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Interview With Juanita Kidd Stout

Elwood, William A; Kulish, Mykola
Online; Online Video; Video
2006; 1987-06-16
Part one. Judge Juanita Kidd Stout remembers hearing Charles Houston speak in 1937 in the Gaines case in Missouri and describes what it was like in the courtroom. She talks about becoming a lawyer, being an African American woman; she declares she never felt discrimination in the field of law. She tells the story of how she came to work for Houston when she was young. Stout recalls what Houston was like, his belief in the Constitution and the rule of law, and his plans for challenges to US law decades into the future. Part two. Judge Stout wants to know why Houston is not well-known, as most lawyers consider him to be one of the best legal minds ever. It is tragic that he is not taught in civil rights courses. Judge Stout declares that people now don't realize the deprivations that African Americans suffered before the civil rights movement. She recalls that everyone was aware then that it was Houston who did all the groundwork for Brown v. Board of Education. Stout discusses how Houston prepared for the case. She also talks about Judge William Henry Hastie and his appointment to the Third Circuit appeals court. Judge Stout's advice to young people: we will always need more lawyers because we always have new laws to handle changes in society. Part three. Judge Stout describes how she became a judge and remembers cases that stood out for her and her career. She declares that law is not passive; it must grow, change and be discarded. Also, many laws have been wrong and unjust. Stout recalls that Houston died at age 54 just before the the Brown decision. At 11:40 to end, footage of Judge Stout in her office, working. Part four. Footage of Stout's office.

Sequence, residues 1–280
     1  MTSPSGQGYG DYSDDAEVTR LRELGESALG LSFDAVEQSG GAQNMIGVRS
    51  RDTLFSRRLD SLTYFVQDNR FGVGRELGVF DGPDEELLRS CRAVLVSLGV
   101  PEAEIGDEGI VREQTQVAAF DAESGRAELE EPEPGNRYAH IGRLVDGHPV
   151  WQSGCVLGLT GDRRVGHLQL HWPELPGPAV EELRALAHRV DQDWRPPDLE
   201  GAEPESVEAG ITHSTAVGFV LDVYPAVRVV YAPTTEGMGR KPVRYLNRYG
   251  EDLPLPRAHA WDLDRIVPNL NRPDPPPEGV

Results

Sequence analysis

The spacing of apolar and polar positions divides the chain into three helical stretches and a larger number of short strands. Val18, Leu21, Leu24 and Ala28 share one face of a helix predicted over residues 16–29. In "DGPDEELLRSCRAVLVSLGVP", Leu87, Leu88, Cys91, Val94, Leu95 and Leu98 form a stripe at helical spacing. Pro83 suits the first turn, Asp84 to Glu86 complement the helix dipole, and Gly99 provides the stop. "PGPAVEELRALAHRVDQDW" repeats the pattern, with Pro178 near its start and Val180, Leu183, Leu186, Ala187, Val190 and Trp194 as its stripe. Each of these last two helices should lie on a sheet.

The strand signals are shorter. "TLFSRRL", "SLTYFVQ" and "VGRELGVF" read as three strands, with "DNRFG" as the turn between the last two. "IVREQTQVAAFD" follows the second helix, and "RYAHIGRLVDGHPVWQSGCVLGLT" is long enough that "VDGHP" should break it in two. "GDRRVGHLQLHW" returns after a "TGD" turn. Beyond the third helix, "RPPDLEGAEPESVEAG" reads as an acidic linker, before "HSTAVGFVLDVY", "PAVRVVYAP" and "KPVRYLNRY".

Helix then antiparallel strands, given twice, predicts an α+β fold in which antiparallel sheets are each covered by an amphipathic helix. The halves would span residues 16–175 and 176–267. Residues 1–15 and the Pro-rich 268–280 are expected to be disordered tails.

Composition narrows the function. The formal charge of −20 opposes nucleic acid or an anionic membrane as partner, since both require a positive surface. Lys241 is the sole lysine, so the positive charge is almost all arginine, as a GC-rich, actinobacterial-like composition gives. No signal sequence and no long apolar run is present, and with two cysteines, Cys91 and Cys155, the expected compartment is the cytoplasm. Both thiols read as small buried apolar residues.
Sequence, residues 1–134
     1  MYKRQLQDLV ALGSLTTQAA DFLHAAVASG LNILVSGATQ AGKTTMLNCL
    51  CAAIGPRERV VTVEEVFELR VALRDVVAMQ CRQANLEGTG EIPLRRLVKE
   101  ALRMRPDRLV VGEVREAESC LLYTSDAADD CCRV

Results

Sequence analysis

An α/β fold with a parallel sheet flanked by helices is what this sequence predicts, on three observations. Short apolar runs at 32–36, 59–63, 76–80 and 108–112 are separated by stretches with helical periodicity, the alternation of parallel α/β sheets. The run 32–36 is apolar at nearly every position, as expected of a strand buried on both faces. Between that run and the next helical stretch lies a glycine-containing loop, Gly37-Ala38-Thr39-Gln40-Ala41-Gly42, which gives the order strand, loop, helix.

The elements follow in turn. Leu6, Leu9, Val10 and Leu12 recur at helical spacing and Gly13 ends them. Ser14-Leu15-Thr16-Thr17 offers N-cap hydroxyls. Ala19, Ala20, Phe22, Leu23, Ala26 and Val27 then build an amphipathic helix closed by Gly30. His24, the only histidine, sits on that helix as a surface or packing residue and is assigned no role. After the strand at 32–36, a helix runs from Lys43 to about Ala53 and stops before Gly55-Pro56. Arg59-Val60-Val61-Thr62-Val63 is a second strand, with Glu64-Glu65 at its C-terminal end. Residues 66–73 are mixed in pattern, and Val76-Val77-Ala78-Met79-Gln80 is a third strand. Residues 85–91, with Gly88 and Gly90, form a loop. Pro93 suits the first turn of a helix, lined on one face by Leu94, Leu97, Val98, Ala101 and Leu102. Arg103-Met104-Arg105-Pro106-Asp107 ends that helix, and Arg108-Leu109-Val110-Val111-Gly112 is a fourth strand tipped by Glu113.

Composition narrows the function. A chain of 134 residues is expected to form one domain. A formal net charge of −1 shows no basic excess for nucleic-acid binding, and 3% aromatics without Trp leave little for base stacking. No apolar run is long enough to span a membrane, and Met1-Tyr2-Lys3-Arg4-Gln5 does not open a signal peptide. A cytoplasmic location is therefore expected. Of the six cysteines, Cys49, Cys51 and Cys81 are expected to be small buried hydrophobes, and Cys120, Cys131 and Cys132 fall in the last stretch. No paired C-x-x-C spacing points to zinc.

Elwood, William A
Kulish, Mykola
Stout, Juanita Kidd, 1919-1998
Digitized by: Cincinnati, Ohio : The PPS Group, 2006.
Source footage for the documentary, The road to Brown : the untold story of “the man who killed Jim Crow” (California Newsreel, 1990), about the life of Charles Hamilton Houston, his crusade for civil rights, and the events that led to Brown v. the Board of Education, the 1954 Supreme Court decision that declared the doctrine of separate but equal to be illegal.
Title supplied by cataloger.
Recorded at Philadelphia, Pennsylvania.
William A. Elwood Civil Rights Lawyers Project
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Road to Brown : the untold story of "the man who killed Jim Crow."
William A. Elwood Civil Rights Lawyers Project
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Part one of four.

Part two of four.

Part three of four.

Part four of four.